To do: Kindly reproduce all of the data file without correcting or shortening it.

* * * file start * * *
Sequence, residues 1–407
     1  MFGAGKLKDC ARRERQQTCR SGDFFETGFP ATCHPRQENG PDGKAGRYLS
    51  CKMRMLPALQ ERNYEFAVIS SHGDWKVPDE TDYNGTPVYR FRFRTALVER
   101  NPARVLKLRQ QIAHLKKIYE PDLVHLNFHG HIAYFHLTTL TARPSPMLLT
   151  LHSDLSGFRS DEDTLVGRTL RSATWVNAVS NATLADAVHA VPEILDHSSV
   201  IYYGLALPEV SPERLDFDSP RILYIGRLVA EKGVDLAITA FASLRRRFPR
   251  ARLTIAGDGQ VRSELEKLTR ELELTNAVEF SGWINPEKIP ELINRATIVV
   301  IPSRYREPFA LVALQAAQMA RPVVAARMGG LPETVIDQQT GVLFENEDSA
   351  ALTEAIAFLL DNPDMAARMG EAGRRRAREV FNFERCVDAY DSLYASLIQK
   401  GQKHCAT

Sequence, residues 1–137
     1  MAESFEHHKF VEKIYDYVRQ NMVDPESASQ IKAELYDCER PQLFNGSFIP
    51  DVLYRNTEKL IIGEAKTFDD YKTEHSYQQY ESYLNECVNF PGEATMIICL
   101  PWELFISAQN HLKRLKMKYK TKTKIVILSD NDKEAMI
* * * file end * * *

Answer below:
Sequence, residues 1–407
     1  MFGAGKLKDC ARRERQQTCR SGDFFETGFP ATCHPRQENG PDGKAGRYLS
    51  CKMRMLPALQ ERNYEFAVIS SHGDWKVPDE TDYNGTPVYR FRFRTALVER
   101  NPARVLKLRQ QIAHLKKIYE PDLVHLNFHG HIAYFHLTTL TARPSPMLLT
   151  LHSDLSGFRS DEDTLVGRTL RSATWVNAVS NATLADAVHA VPEILDHSSV
   201  IYYGLALPEV SPERLDFDSP RILYIGRLVA EKGVDLAITA FASLRRRFPR
   251  ARLTIAGDGQ VRSELEKLTR ELELTNAVEF SGWINPEKIP ELINRATIVV
   301  IPSRYREPFA LVALQAAQMA RPVVAARMGG LPETVIDQQT GVLFENEDSA
   351  ALTEAIAFLL DNPDMAARMG EAGRRRAREV FNFERCVDAY DSLYASLIQK
   401  GQKHCAT

Sequence, residues 1–137
     1  MAESFEHHKF VEKIYDYVRQ NMVDPESASQ IKAELYDCER PQLFNGSFIP
    51  DVLYRNTEKL IIGEAKTFDD YKTEHSYQQY ESYLNECVNF PGEATMIICL
   101  PWELFISAQN HLKRLKMKYK TKTKIVILSD NDKEAMI